When asked about the novel Fifty Shades of Grey, the only response that seems feasible is “You just have to read it.” One would find it hard to describe Fifty Shades in a way that is politically correct due to the taboo nature of the story. Director Sam Taylor-Wood makes the trailer a direct reflection of that indescribable nature.
The most important form of rhetoric shown in the trailer comes from the words pictured in thin white lettering, dazzling and sexy, if words can be that. The words read “The Worldwide Phenomenon.. Comes to Life”. This is a direct form of ethos. It gives both reference to the book, which is in itself credible due to its acclaim, and reference to the millions of followers the series already has. “Worldwide” calls upon the ethos of followers from every neck of the woods and “phenomenon” gives insight to the wow factor that is the story. This same ethos is presented in the very beginning when the trailer opens with the Universal and Focus Features logos, two well-known and respected companies, who have created the acclaimed films including Milk and Anna Karenina.
While examining the trailer it is important to distinguish the two types of audiences, those who have read the story or are familiar with its content, and those who have not, as the rhetoric shifts for the differing parties. For those who follow the book, casting was an extremely important part of the trailer because of the immense speculation of whom would be casted as the main character, Christian Grey. “Many filmmakers believe that casting is so integral to character, they don’t even begin to work on a script until they known who’s playing the major roles.”(Giannetti p283) Since the movie is a book conversion, this becomes a major benefit to the trailer as it creates pathos in the form of suspense. For the first forty-five seconds, the camera works its way up Christian’s body, going in and out in powerful short flashes with intense music that fits perfectly. The suspense is heightened to an extreme right before Christian is revealed. When he is revealed as actor Jamie Dornan, logos comes into play. Jamie Dornan fits whom Grey is supposed to be. He is sensual, sexy, and mysterious. To readers, he makes sense as well as attracts them thus logos and pathos combined in the form of an actor.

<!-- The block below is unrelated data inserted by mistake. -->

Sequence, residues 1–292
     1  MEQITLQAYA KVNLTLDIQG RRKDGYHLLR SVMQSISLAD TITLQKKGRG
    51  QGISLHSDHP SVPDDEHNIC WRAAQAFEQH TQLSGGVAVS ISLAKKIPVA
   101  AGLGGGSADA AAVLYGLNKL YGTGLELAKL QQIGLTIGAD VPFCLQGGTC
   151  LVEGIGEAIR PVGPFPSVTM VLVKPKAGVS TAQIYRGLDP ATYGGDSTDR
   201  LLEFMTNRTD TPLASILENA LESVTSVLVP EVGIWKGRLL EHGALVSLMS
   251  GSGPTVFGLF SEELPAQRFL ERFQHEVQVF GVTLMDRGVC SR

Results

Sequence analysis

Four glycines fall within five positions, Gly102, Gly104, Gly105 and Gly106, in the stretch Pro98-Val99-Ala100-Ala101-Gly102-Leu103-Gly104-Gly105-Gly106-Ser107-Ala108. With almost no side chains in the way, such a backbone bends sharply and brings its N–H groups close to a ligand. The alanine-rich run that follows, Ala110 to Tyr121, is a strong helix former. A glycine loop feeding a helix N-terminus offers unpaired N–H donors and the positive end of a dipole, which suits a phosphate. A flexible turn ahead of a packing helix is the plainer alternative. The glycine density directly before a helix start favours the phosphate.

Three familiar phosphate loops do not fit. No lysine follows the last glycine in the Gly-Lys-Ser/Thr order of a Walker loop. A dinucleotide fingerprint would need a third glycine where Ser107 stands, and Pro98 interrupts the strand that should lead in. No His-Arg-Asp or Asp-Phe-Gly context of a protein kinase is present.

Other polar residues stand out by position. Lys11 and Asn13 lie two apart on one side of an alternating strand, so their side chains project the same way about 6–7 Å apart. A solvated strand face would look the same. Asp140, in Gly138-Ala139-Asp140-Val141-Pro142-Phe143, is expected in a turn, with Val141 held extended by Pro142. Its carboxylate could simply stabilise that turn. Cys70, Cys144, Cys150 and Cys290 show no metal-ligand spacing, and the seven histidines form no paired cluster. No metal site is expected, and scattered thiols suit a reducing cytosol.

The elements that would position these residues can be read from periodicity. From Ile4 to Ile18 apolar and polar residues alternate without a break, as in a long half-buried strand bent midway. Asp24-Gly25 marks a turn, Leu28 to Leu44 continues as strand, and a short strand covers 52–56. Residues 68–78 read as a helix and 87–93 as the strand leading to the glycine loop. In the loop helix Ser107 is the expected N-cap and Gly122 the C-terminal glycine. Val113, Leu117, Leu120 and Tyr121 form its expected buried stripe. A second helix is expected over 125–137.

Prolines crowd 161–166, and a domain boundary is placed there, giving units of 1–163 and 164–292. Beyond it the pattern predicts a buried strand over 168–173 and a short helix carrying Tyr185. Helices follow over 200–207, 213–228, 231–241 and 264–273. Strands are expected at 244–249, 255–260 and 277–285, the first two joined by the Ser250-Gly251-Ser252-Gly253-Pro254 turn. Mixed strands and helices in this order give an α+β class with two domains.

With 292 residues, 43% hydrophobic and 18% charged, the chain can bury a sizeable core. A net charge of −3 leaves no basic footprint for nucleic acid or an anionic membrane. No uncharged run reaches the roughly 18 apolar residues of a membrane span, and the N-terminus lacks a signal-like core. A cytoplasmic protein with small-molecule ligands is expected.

For those who are not familiar with the story, the major form of pathos comes from the sexual content of the trailer. The beginning starts out relatively innocent, with a hint of chemistry, but as it progresses, flashing in and out in the same way: the picture becomes more deviant. “Sometimes images have the power to persuade by sheer pathos” (Lunsford p452). This is the case of these images of sexual props and rooms jump on and off the screen. The pathos as sexuality and deviance comes to a head, and is really the most sexuality that is allowed to be shown on television as a trailer. Since the audience is unaware of the nature of the story, these images beg the questions “Who is Christian Grey? What is he in to?”, and further “What is this story really about?” The trailer provides just enough sexuality as pathos to get people questioning and therefor into the theater.
Personally, I found the Fifty Shades of Grey trailer to be both riveting and genius. I was intrigued to see how director Sam Taylor-Wood could turn an X rated novel into a film suitable for the cinema, and it was more than imaginable.